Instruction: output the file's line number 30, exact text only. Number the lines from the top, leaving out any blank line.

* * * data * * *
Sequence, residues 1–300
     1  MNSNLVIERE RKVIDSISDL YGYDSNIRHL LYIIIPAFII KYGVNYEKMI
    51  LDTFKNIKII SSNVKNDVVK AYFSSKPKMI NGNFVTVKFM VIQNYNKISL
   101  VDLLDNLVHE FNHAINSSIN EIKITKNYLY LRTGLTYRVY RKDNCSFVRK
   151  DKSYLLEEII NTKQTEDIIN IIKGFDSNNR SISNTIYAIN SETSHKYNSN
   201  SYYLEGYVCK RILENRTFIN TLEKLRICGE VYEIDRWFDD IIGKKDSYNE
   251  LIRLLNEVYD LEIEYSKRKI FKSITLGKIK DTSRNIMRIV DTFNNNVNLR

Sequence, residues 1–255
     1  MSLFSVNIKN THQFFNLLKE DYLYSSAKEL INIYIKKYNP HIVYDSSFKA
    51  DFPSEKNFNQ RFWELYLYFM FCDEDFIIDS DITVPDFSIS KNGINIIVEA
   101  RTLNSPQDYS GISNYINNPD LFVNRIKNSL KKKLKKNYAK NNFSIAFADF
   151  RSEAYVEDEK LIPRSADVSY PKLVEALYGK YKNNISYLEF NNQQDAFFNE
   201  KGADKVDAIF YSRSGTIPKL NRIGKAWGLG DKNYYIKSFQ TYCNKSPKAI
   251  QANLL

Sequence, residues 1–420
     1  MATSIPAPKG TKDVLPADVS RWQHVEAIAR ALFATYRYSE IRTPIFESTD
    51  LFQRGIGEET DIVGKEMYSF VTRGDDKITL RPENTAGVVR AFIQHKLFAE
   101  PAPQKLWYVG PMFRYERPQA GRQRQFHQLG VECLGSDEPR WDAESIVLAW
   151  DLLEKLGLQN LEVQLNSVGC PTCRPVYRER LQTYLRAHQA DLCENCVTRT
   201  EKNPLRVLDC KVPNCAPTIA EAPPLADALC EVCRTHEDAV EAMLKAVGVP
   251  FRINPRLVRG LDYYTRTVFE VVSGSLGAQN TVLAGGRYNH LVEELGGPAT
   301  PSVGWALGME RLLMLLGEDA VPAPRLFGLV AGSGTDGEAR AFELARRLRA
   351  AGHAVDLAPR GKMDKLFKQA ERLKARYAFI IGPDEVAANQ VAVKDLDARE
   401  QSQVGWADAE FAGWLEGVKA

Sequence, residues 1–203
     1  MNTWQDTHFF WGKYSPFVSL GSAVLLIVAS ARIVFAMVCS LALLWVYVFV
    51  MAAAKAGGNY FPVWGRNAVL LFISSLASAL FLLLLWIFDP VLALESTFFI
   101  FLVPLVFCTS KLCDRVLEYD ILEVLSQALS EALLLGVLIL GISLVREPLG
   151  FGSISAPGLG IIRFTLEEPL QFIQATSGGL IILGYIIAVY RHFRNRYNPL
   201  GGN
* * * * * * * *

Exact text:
   201  GGN